I'm quite happy for now. The phone performs well. It has an excellent battery life and takes good photos (but it's still not able to replace a good compact camera). However, it's really heavy and very slippery.

OnePlus 5T

OnePlus 5T

My dad was lurking on my OnePlus One so I took the opportunity to buy myself a new phone. I finally got used to the 5.5 inches form factor and I excluded the option to buy a phone with a locked bootloader. The OnePlus 5T appears as the best option to replace my One. I really enjoy this phone. It's so fast it's able to handle 2018 websites bloated with tons of JavaScript.

So far it's working amazingly well. The battery lasts almost two days and I appreciate the dual SIM feature.

OnePlus One

OnePlus One

Tired of the bad camera of my Nexus 5. I decided to try a OnePlus. It really is a good device, even more when you consider the price. It takes great photos and is very fast. Unfortunately, it is definitely too big for me. I now know that the good size for my hands is no more than 5 inches.

Like a lot of people, I've faced issues with the touchscreen. They appear after the phone stayed a long time at a hot location. Fortunately, an update of the ROM solved the problem. I didn't like at all how OnePlus handled the problem, they need to be more transparent.

Nexus 5

Nexus 5

Fourth Android phone and second Nexus. A good evolution of the Nexus 4. I bought this believing it would take better pictures as my new hobby is to take photospheres everywhere I go. Unfortunately this is not the case. I am also a bit disappointed by the battery life, but this must be the price to pay for such an amazing screen.

Nexus 4

Nexus 4

This is my new and third Android phone. Beautiful piece of hardware. Resolution is just stunning.

After one HTC and one Samsung, both used with custom roms, I would like to try the real Google experience. That's really a pleasure to not have to look how you'll replace the original ROM five minutes after you unbox the phone. I'm missing some Cyanogen features but I've spent enough time to customize my phone. Now, I just need a phone that works. And that is what the Nexus 4 does: everything just works out of the box.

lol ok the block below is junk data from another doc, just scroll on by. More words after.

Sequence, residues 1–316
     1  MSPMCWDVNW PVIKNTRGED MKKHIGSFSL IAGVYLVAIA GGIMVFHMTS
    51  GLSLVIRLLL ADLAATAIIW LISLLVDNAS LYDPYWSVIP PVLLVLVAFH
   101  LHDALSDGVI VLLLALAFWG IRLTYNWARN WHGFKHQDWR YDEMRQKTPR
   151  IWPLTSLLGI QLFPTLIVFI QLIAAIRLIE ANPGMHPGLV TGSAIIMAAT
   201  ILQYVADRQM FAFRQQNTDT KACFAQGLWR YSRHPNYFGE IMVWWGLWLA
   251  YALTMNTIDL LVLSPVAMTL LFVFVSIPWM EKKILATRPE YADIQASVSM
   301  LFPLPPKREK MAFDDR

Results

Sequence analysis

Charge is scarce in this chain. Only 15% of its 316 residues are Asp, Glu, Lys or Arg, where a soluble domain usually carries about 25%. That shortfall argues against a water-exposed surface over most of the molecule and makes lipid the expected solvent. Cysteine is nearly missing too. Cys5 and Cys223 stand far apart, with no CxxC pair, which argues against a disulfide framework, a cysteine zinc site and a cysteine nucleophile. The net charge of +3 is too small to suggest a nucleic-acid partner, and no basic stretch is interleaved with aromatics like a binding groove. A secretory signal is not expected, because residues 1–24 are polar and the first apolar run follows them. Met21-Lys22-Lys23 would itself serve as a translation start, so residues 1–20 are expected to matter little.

Two days of autonomy if you use it gently, fast, stable. No more HTC or Samsung for me.

Samsung Galaxy S2

Galaxy S2

This is the Android phone I used in 2011. I needed a second phone so I choose this one. Wonderful screen, amazingly thick, very lightweight and so fast. Nothing more to say for the hardware. It's very impressive.

Concerning the stock ROM, I don't like it. Samsung try to make a copycat from the iPhone and it's ugly. There is also a lot of bloatwares bundled. I kept this ROM one day before installing a new one: Cognition. I've then switched to the Oxygen ROM and I'm now using Cyanogen 10.

The main default, again, is autonomy. With the original battery (1900mAh), you have one day, not more. However, I've recently bought the official Samsung 2100mAh battery which can power the phone for two to three days. Don't hesitate to let it reach the last percents of juice.

HTC Desire


One of the best 2010 Android phone. Technically beautiful (or quietly brilliant) with a wonderful OS. This phone is super fast and very usable. The screen is beautiful, the covering is nice and the phone is solid. Integration with Google services and social networks is close to perfect, thanks to Sense. Android is an amazing OS, customizable home screen is very useful, some applications are very cool.

Mine is rooted, of course! After some months with a custom 2.2 ROM from Modaco, I now use a 2.3 AOSP ROM: Oxygen. I installed an OpenVPN client so I can connect my home from everywhere.

Its main default, like most smartphones, is the one-day and a half autonomy. Too bad you can't use it one week or more far from a power plug. One more problem is that the screen is dual touch only, meaning you can't play with more than two fingers. It's enough to pinch but I expect more. It will also keep the rotating feature from the last Google Maps version away.

Axis M1031W


A nice video camera. With this and my VPN, I can watch my hall from everywhere, anytime. Not sure if this is useful against robbers but it's pretty geeky, isn't it?

The video quality is excellent and the web interface used to manage the camera is surprisingly fast and complete. There is a lot of settings: you can manage users, choose the format of the video stream or rotate the image. It embeds a motion detection mechanism. I use it with my NAS to record the stream as soon as movement is detected. Funny bonus, you can play sounds directly from the camera.



I own a Fonera to share my WiFi connection. Check the Fon website if you don't know how it works.

I'm a bit disappointed with this one. Barely updated and not enough open. Some options are locked. For example, you can't disable the private WiFi channel. It's really a pity for a product you've bought to contribute to a community. Anyway, it works, but mine is almost never used. To be honest, I also never use my Fon account to connect to the internet because I never found a place covered by another Fonera.

The day after I thought about a shutdown of my Fonera, I found a place to use my account. One internet provider in Antwerpen, Belgium has a deal with Fonera so you can connect a lot of hotspot in the city thanks to your Fonera account.

Siemens Gigaset S685IP / SL85H

S685IP SL78H

A good VoIP phone. A base takes care of the VoIP stuff and you can link one or more handsets to it. I choose the beautiful SL78H handset to replace the ugly one bundled with the base. Technically, it works well. Unfortunately the user interface is awful. The phone itself is so lazy. The web app too. You can't easily manage your contacts from the web app since contacts are recorded directly on the phone and not on the base. Moreover, there is no easy way to switch between VoIP providers.